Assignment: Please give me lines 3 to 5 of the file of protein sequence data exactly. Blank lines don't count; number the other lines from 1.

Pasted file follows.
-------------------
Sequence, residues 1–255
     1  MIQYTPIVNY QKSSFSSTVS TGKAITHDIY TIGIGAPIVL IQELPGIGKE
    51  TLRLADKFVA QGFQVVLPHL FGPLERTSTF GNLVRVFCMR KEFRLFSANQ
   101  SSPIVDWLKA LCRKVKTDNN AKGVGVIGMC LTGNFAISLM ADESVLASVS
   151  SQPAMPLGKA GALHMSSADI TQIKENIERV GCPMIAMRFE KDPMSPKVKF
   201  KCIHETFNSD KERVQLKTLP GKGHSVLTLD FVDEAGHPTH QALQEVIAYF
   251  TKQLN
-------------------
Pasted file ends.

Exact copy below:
    51  TLRLADKFVA QGFQVVLPHL FGPLERTSTF GNLVRVFCMR KEFRLFSANQ
   101  SSPIVDWLKA LCRKVKTDNN AKGVGVIGMC LTGNFAISLM ADESVLASVS
   151  SQPAMPLGKA GALHMSSADI TQIKENIERV GCPMIAMRFE KDPMSPKVKF